As days grow longer, the birds begin to sing

A neighbor recently said, “Hey Alan, the birds are back!” She described the songs she had been hearing, but she was surprised when I told her those are resident birds that never really left. What’s “back” is the sun; the birds are singing on cue to the lengthening of the day.

The increasing light triggers hormones to surge and urge birds to sing, claim a territory and attract a mate. Think of it as the surge of the urge, and it begins with song. The residents that sing early in the season include house finch, song sparrow, junco, pine siskin, towhee, Bewick’s wren and increasingly the cheery robin.  Another early-singing resident is the feisty male Anna’s hummingbird. On most any sunny day in winter, you can hear one chatter in a ratchety voice from various perches and watch as he launches himself straight up and out of sight where he then folds his gossamer wings and accelerates downward into a vertical J-curve dive punctuated with a loud “peep!” at the bottom.

Anna’s hummers display a mostly merlot-red head and throat compared to the mostly orange rufous hummingbird, which began arriving from California and Mexico in early March. The migration of the bright orange rufous hummingbird coincides with the bloom of red-flowering currant and salmonberry, sweetly leading them north with nectar. Concurrently, early arrivals of violet-green swallows can occur in February, although they are more numerous in March. As the name implies, the beautiful iridescent violet-green swallow usually occurs in small groups of several individuals or more seen and heard chattering while they swoop, turn and glide above rooftops and eaves like miniature fighter jets. This swallow seeks to nest in tree cavities or nest boxes, unlike the later-arriving barn swallow, which builds its mud nest above your door and deposits copious droppings on the ground.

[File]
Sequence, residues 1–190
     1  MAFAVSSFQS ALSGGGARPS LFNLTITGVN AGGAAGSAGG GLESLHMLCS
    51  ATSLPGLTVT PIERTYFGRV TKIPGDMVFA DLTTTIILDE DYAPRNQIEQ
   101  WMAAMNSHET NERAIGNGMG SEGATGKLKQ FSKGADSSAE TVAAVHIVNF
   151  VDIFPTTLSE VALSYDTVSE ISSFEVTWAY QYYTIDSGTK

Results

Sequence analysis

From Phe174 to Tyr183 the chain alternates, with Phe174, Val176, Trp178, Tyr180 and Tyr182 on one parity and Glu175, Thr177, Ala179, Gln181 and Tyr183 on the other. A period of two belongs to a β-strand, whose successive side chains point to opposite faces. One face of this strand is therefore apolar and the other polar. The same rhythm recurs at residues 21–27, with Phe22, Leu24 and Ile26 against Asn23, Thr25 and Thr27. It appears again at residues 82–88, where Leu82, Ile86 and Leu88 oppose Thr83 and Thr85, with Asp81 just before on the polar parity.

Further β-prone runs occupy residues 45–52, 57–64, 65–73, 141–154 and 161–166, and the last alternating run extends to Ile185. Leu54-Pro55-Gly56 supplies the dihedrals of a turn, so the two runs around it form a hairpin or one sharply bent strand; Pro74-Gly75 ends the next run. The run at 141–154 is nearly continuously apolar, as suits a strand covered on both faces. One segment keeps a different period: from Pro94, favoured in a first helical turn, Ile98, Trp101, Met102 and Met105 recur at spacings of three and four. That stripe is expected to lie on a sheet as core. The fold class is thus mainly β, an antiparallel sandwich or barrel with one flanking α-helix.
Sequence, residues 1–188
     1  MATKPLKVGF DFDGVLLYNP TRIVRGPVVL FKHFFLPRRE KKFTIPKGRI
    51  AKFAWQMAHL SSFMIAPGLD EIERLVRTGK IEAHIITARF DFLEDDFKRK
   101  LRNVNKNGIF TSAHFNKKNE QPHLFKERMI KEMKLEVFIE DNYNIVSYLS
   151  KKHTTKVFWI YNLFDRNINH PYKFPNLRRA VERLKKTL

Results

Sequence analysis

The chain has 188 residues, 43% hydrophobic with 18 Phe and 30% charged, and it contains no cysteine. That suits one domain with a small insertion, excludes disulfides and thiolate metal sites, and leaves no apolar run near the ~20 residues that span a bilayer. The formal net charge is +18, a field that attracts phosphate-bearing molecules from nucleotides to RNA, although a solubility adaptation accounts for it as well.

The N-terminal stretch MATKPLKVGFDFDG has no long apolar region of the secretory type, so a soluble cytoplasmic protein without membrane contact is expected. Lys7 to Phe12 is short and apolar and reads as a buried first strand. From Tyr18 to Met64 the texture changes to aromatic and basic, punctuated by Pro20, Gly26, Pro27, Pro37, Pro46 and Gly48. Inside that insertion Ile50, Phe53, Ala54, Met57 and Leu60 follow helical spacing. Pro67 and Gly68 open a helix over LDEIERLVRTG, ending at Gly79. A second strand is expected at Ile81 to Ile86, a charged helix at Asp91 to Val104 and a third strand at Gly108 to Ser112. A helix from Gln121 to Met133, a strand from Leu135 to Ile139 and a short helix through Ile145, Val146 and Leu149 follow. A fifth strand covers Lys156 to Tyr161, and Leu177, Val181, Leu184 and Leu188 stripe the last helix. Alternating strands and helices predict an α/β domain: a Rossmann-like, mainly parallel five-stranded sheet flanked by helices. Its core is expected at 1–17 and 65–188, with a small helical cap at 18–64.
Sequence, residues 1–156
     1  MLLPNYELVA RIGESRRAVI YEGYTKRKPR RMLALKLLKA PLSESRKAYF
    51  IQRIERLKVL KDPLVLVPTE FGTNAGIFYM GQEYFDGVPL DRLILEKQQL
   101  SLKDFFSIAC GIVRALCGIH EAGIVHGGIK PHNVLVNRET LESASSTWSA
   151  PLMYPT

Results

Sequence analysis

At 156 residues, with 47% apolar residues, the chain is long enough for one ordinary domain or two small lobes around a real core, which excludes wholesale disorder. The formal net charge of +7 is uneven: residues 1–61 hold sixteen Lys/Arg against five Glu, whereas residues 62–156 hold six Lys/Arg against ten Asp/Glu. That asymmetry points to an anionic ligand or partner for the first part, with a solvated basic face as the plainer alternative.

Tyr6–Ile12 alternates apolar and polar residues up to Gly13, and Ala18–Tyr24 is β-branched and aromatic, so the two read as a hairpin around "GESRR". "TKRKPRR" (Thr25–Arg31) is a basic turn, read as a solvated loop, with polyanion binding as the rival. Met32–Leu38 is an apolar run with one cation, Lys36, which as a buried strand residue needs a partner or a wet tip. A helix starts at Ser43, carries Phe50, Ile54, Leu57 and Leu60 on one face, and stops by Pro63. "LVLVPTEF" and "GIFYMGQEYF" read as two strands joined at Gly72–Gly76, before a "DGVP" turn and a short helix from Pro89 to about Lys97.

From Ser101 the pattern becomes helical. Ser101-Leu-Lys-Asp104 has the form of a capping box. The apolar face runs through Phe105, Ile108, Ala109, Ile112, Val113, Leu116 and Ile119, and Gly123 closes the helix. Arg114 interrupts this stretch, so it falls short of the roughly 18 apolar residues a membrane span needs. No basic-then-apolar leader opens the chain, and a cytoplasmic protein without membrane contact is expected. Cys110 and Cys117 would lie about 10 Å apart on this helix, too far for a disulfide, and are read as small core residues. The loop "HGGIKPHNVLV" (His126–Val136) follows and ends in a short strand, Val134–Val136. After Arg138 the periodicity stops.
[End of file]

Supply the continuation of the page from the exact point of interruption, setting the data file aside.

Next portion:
Following these “early birds,” others will be arriving in April and continuing through June, in wave after wave from as far away as South America. Most migrating songbirds fly at night to conserve energy and avoid predators. Large flocks of migrating birds show up on radar screens across the northern hemisphere. They stop at various feeding and resting points along their route, usually for a day or more, which emphasizes the critical importance of wildlife and bird sanctuaries at favored bays, mudflats, fields, woodlands and wetlands around the country.

On a good day in April, the trees at Point Robinson can be literally dripping with yellow-rumped warblers, affectionately known as “butterbutts,” as they stop to refuel after making their over-water passage. Many of these and other migrating warblers are mostly passing through as they head further north or into the mountains to reach their breeding grounds. Other birds continue to arrive later in April through June, including vireos, white-crowned sparrows, purple martins, more warblers and, last but not least, the flycatchers. The very small but audibly conspicuous willow flycatcher is the perennial last arrival in early June, and it announces itself with a characteristic sneeze-like song of “fitzbew!”

These waves of migration continue to build and wash over us and offer a peak in bird song from May 15 through the summer solstice on June 21, after which bird song gradually subsides to an almost eerie and sad quietness by mid-August.

Meanwhile, the lengthening days bring us “back” also, at least back outside. Upon stepping out into her very large vegetable garden in spring embraced by a warm sun and surrounded by bird song, my grandmother would say, “Oh, my heart is singing!” Mine is too.

— Alan Huggins, an amateur naturalist and master birder, teaches the Enjoyment of Birds for Vashon Audubon.

An “Enjoyment of Birds” class will begin March 31. See page 9 for more information. Also visit the Vashon Audubon website at vashonaudubon.org and download the seasonal bird checklist to check the monthly occurrence of both the resident and migratory birds of Vashon.

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